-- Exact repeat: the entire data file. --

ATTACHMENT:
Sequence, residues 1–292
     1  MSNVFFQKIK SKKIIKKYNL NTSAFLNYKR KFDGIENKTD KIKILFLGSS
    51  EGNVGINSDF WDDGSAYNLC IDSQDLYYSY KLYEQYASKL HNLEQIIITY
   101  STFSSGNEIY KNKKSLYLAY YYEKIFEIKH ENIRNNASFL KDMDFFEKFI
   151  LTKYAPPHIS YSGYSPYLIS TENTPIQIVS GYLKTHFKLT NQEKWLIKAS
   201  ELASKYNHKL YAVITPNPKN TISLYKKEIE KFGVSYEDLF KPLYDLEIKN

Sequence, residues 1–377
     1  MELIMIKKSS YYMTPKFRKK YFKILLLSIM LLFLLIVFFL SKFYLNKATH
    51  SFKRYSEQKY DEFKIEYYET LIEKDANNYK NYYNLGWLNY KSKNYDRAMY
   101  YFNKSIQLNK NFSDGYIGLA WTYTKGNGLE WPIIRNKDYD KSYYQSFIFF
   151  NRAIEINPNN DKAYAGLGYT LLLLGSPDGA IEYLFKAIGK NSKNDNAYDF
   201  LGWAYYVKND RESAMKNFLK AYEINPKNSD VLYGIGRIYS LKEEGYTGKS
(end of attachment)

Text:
Sequence, residues 1–292
     1  MSNVFFQKIK SKKIIKKYNL NTSAFLNYKR KFDGIENKTD KIKILFLGSS
    51  EGNVGINSDF WDDGSAYNLC IDSQDLYYSY KLYEQYASKL HNLEQIIITY
   101  STFSSGNEIY KNKKSLYLAY YYEKIFEIKH ENIRNNASFL KDMDFFEKFI
   151  LTKYAPPHIS YSGYSPYLIS TENTPIQIVS GYLKTHFKLT NQEKWLIKAS
   201  ELASKYNHKL YAVITPNPKN TISLYKKEIE KFGVSYEDLF KPLYDLEIKN

Sequence, residues 1–377
     1  MELIMIKKSS YYMTPKFRKK YFKILLLSIM LLFLLIVFFL SKFYLNKATH
    51  SFKRYSEQKY DEFKIEYYET LIEKDANNYK NYYNLGWLNY KSKNYDRAMY
   101  YFNKSIQLNK NFSDGYIGLA WTYTKGNGLE WPIIRNKDYD KSYYQSFIFF
   151  NRAIEINPNN DKAYAGLGYT LLLLGSPDGA IEYLFKAIGK NSKNDNAYDF
   201  LGWAYYVKND RESAMKNFLK AYEINPKNSD VLYGIGRIYS LKEEGYTGKS